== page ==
This page is a draft.


This article documents my experiments with reading files in the doom WAD format, using portable, ANSI-standard C.

ANSI C is widely regarded to be a portable language: most of the pitfalls you will encounter writing portable C is not the language itself, but assumptions about things (such as variable sizes, endianness) which the language does not dictate.

This article highlights just how much is actually necessary to write portable standard C.

I also point out some idosyncracies that wad-building tools have.

WAD overview

A WAD file consists of

  • a 12-byte header
  • lumps of data
  • a directory of lumps

The header consists of

  • 4 bytes magic (IWAD or PWAD)
  • number of lumps in the WAD
  • byte-offset to the directory

The directory consists of 16-byte entries. Each entry consists of

  • the byte-offset for the lump
  • the size of the lump
  • an 8-byte ASCII name (padded with '\0')

All the numbers mentioned above are 4-bytes wide, unsigned, and arranged in little-endian byte order (i.e., the native byte order for DOS).

Wad header

As mentioned, the WAD header consists of

  • a 4-bytes magic number
  • a 4-byte number of items in the WAD
  • a 4-byte offset to the directory

magic number

WAD files have a 12-byte header. The first byte is one of ASCII "P" or "I", depending on whether it's an ID WAD or a "patch" WAD. The next three bytes are invariably WAD.

Program #1

The first code snippet is the largest of the lot, because we deal with all the overhead of opening, reading from and closing files, plus the C boilerplate.

This is a program to tell you whether the filename supplied on the command-line is an IWAD, a PWAD, or not a DOOM WAD at all.

Some examples of usage:

C:\tcc>1 1.c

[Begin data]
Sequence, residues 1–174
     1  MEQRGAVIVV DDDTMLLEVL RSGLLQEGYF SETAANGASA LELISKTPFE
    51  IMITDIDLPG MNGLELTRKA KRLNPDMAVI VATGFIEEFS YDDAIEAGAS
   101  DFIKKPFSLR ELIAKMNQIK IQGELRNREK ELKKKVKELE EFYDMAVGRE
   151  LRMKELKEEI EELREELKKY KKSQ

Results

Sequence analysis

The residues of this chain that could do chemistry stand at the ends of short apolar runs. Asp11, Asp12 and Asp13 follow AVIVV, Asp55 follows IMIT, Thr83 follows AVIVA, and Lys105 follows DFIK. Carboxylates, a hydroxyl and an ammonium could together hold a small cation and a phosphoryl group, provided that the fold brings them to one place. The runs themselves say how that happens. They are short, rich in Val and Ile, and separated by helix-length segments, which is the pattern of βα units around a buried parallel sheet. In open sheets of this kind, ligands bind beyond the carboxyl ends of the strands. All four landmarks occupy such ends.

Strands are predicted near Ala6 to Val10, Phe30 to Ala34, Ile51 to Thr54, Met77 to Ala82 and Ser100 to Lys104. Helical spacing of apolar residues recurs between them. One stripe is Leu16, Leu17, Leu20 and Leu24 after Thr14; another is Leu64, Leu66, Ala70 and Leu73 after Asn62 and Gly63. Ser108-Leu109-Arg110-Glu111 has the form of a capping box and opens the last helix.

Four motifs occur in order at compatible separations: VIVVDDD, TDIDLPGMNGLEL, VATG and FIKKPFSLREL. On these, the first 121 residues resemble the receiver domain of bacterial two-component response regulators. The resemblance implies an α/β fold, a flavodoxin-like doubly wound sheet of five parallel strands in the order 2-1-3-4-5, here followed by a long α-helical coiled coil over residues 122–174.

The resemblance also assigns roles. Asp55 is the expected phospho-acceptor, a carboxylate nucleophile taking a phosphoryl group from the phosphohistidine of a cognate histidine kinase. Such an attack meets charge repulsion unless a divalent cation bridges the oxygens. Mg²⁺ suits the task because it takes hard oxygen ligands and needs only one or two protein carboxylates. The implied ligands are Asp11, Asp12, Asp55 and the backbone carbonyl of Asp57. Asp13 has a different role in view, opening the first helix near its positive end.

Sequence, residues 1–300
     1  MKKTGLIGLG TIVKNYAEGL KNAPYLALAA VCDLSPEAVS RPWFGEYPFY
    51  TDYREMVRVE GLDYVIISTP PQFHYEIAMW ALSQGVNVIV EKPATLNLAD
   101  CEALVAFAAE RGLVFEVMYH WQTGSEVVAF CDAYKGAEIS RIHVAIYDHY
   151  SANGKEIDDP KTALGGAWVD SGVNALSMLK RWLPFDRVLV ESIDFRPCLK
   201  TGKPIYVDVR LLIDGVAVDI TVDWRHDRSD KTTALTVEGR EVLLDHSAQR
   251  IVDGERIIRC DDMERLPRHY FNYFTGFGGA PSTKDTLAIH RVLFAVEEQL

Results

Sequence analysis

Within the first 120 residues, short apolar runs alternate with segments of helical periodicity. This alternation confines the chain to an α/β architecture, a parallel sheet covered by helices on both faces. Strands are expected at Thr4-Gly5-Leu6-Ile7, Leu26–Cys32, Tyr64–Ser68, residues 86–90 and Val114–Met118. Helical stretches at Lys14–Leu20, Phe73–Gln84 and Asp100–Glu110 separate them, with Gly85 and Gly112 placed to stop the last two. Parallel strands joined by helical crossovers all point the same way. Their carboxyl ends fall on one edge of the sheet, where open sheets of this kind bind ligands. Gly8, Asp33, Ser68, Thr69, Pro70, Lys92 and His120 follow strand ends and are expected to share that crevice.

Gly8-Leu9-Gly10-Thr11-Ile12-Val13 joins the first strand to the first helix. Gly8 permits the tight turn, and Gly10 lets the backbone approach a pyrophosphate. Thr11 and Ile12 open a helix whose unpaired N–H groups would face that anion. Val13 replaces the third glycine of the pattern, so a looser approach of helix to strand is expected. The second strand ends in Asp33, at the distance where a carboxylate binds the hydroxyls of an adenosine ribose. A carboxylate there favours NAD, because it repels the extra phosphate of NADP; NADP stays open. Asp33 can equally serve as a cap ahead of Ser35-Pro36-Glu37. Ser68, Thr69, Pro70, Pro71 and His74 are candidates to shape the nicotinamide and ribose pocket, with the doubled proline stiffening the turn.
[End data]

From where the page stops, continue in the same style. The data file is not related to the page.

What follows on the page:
1.c is not a WAD file

C:\tcc>1 c:/doom/gib.wad
c:/doom/gib.wad: PWAD

C:\tcc>1 c:/doom/doom2.wad
c:/doom/doom2.wad: IWAD

C:\tcc>1 asfasdf
cannot open C:\TCC\1.EXE: No such file or directory

Parsing the integers

All the integers in the WAD data are 4-byte (32 bit) wide, unsigned integers, arrange in little-endian order.


The size (or width) of integer types in C is dependent on the compiler being used and the CPU being compiled for. Here's a table of some integer types and their sizes in various environments:

16bit 64bit
int 4 2 4
short int 2 2 2
long int 4 4 8
long long 8 4 ?
void * ? ? 8

The C99 standard includes a header called inttypes.h which defines types which are of known widths, for example, uint32_t which is guaranteed to be a 32-bit (4-byte) wide unsigned integer, irrespective of the environment.

I wanted to avoid dependencies on things outside of the C89 standard for my experiments, however. Luckily, the C89 standard defines a minimum size for some types, where it doesn't define their width. The long type is defined to be 4-bytes wide at minimum. The table above confirms this for the environments I've tested.

We can therefore safely use unsigned long to hold the integers defined in the WAD structure: on those platforms where this takes up more than 4 bytes, the spare space merely goes to waste.


If p is a pointer to the beginning of an integer in the WAD structure, than p[0] is the least-significant byte and p[3] the most.

C's bit-shifting operators behave endian-independent, although they are described in K&R in terms of big-endian environments. The left shift operator, <<, increases the value of the item being shifted (the bits become more significant).

We can therefore use the left-bitshift operator and the bitwise OR operator to interpret the number in an endian-independent way, as follows:

static unsigned long parseint(unsigned char *p) {
    return   (unsigned long)p[0]
           | (unsigned long)p[1] << 8
           | (unsigned long)p[2] << 16
           | (unsigned long)p[3] << 24;

The casts are necessary, because the expression has type int before assignment. In environments where an int is smaller than a long (such as Turbo C) we would overflow quite quickly.

Program #2

This snippets just extends program #1 to print out the number of lumps in the WAD and the directory offset, by interpreting the numbers in the header.

The program uses the procedure defined below, and adds the following few lines:

entries = parseint(header+4);
doffset = parseint(header+8);
printf("containing %lu entries, "
       "directory at offset %lu\n", 

Reading the directory

Reading the directory from this point is fairly trivial: each directory entry is a fixed-width and we know how to interpret the numerical contents.